An epic proposal fail ends in a rescue mission after a woman falls off a 650-ft cliff and her fiancé was left dangling on the ledge after trying to go after her but was caught on the ledge.
Epic Proposal Ends in Rescue Mission
These days, guys try their best to create the perfect proposal for their special someone but one guy and his new fiancée nearly lost their lives after a proposal that became an epic fail!
The two had trekked up to the top of Falkert mountain in Carinthia, Austria, wearing what authorities would later describe as ‘sensible snowshoes’. When they reached the top, the 27-year-old man who was not named for privacy reasons proposed to his 32-year-old girlfriend.
It was believed that shortly after saying “yes”, the happy woman was celebrating the momentous occasion when she slipped off the cliff and fell about 650 ft below. The man was so surprised over what happened that he also tried to jump after the woman but was left dangling at the cliff when he was caught on the ledge.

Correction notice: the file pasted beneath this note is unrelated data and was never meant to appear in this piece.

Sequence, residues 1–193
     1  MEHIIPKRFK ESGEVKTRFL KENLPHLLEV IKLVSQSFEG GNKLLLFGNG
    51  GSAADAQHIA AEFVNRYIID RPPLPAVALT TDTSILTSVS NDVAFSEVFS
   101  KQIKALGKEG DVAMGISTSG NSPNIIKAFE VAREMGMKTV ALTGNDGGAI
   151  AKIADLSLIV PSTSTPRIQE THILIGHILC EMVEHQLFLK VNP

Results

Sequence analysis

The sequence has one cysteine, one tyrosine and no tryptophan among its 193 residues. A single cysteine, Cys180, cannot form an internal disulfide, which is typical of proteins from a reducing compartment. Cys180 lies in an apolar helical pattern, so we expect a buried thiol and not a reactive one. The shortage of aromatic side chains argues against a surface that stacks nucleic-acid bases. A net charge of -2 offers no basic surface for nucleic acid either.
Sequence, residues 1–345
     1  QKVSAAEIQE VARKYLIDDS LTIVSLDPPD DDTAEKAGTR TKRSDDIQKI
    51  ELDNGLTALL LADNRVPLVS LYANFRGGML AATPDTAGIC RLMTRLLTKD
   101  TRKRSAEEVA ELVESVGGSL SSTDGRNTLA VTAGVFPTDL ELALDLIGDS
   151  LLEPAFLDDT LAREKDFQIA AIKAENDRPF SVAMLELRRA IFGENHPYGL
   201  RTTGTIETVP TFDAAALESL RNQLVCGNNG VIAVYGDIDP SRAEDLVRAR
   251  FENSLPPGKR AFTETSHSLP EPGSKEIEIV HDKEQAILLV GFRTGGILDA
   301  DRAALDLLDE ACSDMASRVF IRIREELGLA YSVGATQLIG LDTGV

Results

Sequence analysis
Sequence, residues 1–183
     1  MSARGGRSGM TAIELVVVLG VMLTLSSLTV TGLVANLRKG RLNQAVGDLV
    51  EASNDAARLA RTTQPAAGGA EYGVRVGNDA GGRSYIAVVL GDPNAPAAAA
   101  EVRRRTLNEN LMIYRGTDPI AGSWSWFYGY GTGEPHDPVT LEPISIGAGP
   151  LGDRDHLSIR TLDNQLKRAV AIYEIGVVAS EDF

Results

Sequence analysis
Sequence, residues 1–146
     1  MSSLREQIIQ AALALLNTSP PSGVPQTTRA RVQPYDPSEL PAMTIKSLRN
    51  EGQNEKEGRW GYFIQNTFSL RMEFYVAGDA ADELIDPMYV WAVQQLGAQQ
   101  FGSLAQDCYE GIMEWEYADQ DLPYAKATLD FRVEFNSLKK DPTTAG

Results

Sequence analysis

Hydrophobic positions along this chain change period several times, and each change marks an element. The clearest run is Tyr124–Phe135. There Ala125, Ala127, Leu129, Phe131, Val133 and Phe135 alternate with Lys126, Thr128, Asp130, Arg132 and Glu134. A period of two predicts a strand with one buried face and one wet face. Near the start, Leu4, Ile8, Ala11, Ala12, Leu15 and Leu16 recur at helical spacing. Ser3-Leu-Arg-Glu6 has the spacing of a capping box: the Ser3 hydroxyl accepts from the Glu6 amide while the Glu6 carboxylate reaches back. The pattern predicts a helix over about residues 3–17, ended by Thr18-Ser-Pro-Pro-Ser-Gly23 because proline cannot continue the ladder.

It was lucky that the thick snow cushioned the woman’s fall, but she was unconscious when she landed. Thankfully, a passerby found her on the ground and quickly called for emergency services to take her back to safety.
The guy was dangling for dear life until the rescue helicopter arrived to save him. He had also fallen some 50ft. Though both suffered injuries from their respective falls, the two were still considered lucky.
“The two were extremely lucky! Had it not been for snow, it would have turned out very differently,” said a police officer at the scene.
Both received medical treatment, with the man jokingly diagnosed with “love sickness” over the incident.
Why Wear Snowshoes?
You’ll sink in the snow if you wear ordinary shoes. That’s why it is important to wear snowshoes; though it may feel awkward when you try using them for the first time.
Snowshoes have soles that have a larger coverage area than other types of shoes. This spreads a person’s weight to prevent sinking completely into the snow. You still sink a bit, particularly on soft, powdery snow but not as deeply as when you’re wearing ordinary shoes.